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A Fair Chance in the Race of Life: The Role of Gallaudet University in Deaf History

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Lack of parental guidance and the absence of family support for children boarding at school have historically been complaints of parents with children educated away from home.24 Ernest Hairston, a Black and deaf scholar and author, addressed the issues of Black hearing families with deaf children in his 1983 book. He acknowledged the value of having deaf children stay in the home environment whenever possible and noted the importance of including the children in all of the family’s activities.
Some Black parents have two or three jobs just so their children will have a better life than themselves. They want to achieve educationally and economically. They have strong spiritual values. Black deaf children when exposed to these things come to feel a part of the family. They learn family values, goals, and expectations. This is a form of communication at its best and the Black deaf child should be part of this sharing in the joy and sorrow of everyday family life. . . . Parents should be there to share their moments of happiness and defeat, to lend words of encouragement, to say “no” when necessary, and to recognize the frustration many Black deaf children experience.25
Sending children away to school at such an early age deprives both parents and the child of the many benefits that Hairston addressed.

Before the Millers made the decision to enroll their son in PSD, however, they had visited the Overlea facility and found that the condition of the school was unacceptable. “I was shocked at the rundown physical plant and the poor system and I could not leave him there,” Miller said. More importantly, she stated that at the Maryland facility “children can only communicate by sign language or by writing.”26 In contrast, students at PSD were instructed using the oral method, which was considered a more advanced method of instruction during that period. The decision to send Kenneth to school in Pennsylvania, even though it was a greater distance from the district, was based on the Millers’ belief that he would receive a better education there. That outweighed that fact that he would be further from home.27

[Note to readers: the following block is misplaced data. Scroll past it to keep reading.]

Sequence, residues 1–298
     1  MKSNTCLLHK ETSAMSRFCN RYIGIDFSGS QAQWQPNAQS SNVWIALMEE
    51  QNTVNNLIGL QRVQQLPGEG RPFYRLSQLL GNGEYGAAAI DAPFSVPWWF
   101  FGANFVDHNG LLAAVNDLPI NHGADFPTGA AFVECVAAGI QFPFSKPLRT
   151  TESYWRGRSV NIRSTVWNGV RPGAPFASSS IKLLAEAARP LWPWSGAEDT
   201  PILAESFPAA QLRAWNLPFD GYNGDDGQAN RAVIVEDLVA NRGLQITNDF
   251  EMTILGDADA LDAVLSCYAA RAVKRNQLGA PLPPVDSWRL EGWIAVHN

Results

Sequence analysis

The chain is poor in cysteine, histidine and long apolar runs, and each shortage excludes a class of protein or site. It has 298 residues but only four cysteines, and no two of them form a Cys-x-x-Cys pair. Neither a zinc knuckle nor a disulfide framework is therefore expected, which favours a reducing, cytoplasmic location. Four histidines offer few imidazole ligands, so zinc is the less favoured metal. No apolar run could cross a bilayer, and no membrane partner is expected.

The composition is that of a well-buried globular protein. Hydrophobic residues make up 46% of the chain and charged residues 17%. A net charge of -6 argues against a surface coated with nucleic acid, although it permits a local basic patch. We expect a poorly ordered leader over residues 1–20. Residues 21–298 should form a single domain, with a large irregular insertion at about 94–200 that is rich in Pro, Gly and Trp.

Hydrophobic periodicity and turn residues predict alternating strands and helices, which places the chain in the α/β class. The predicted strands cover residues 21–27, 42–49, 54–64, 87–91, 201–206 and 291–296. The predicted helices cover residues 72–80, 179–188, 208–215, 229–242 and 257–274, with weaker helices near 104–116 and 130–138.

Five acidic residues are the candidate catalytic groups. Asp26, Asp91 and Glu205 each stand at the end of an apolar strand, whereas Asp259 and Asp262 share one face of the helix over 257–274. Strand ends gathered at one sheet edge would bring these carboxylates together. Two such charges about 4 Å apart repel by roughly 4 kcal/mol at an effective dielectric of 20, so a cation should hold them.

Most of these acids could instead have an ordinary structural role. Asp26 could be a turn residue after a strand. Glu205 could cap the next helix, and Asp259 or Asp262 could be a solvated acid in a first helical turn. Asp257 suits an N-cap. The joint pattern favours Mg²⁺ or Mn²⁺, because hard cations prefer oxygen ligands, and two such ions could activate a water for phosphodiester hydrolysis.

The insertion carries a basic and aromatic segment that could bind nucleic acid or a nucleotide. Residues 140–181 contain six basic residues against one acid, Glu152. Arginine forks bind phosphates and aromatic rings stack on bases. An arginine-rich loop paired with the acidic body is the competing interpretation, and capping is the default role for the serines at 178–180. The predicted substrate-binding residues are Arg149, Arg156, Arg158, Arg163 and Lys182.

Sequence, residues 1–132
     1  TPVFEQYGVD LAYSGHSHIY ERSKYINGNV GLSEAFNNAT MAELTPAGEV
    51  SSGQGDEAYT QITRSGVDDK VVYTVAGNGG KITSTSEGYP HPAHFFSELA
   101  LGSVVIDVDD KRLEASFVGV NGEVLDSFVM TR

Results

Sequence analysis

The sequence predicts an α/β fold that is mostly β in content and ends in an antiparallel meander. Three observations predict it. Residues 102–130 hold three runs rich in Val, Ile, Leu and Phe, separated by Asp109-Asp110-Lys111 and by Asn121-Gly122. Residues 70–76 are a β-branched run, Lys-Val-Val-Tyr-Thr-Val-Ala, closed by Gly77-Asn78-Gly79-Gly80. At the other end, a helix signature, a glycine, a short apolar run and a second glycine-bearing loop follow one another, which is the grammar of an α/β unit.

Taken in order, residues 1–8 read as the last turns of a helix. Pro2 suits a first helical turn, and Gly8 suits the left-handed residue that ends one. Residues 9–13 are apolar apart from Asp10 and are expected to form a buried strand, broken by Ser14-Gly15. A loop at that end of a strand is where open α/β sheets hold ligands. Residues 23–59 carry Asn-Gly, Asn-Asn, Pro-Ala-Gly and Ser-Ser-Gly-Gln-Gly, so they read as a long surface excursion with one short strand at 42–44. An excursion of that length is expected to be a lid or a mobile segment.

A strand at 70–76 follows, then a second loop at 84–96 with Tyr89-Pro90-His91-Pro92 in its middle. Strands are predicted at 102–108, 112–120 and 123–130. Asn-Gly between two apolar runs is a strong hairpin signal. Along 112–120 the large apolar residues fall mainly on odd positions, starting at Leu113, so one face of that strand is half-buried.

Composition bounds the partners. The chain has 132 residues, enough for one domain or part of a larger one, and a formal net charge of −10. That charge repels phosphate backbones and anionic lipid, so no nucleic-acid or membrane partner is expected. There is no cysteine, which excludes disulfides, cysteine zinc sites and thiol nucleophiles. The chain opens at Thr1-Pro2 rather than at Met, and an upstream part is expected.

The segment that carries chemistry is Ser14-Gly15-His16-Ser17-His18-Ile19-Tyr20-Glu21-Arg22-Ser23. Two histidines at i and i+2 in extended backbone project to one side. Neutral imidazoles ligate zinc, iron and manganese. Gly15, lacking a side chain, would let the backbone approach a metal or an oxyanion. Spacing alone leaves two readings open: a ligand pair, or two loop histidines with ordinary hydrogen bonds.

Miller’s complaints about the state of the Maryland facility were not unusual. The problems of inadequate facilities and quality education for handicapped and special-needs Black students were pressing issues. The lack of resources for deaf Black students in rural towns in the South was the subject of an article in The Journal of Negro Education in 1932. In 1937, James A. Scott, a Black educator, noted the lack of adequate funding made available by states and federal government for the facilities. Howard Hale Long, writing in 1947, looked at the lack of special educational services for Black youth. He included a table that showed enrollment in Southern residential public and private schools of both white and Black students. The District of Columbia provided for 234 white, deaf students and no Black students.28 It would remain this way until a successful legal challenge in 1952.

Some individuals and organizations in the district were concerned with advocating for equality for all citizens. Paul Cooke, a member of the Greater Washington Area Council of the American Veterans Committee (AVC), took up the cause of the district’s deaf Black children. He became, along with his organization, one of their staunchest advocates.29 Cooke’s involvement began when he read in the Congress Appropriation Act of 1950 that Congress had allocated funds for the instruction of the district’s white deaf children within the district, but not for Black children. The act provided funding for the education of deaf Black children at an institution outside of the district. Cooke had previously been unaware of this situation. He found it disturbing that such an unfair and discriminatory practice was going on and immediately took the matter to Florence Nierman, the chair of the Washington chapter of the AVC. She called for immediate action. The AVC board declared that the practice of racial discrimination was a denial of the children’s rights under the Fourteenth Amendment of the Constitution of the United States, and AVC embarked on a campaign to end this injustice.30

Cooke’s responsibilities were to research the Congressional acts, interview the parents of the children, determine the contact persons in the responsible district agencies, and prepare communications to them. His research indicated that the major figures in the educational decisions for the deaf children were the Board of Education, the superintendent of schools, the Board of Commissioners, the Federal Security Agency, and the Board of Directors of Gallaudet College, of which Kendall School was a part. Through conversations with churches, charitable agencies, and school officials, he found and contacted parents of deaf children.31

Nierman, in her capacity as chair of the AVC, began writing to the agencies and directors identified by Cooke to apprise them of the organization’s support of the parents and to try to see if there was an administrative remedy to the exclusion of the Black deaf students. She wrote to Albert Atwood, president of the Board of Directors of Gallaudet, in April 1951. The letter, which was forwarded to Leonard Elstad, Gallaudet’s president, expressed the concerns of the AVC at the inequality of the educational situation for the district’s Black deaf children.


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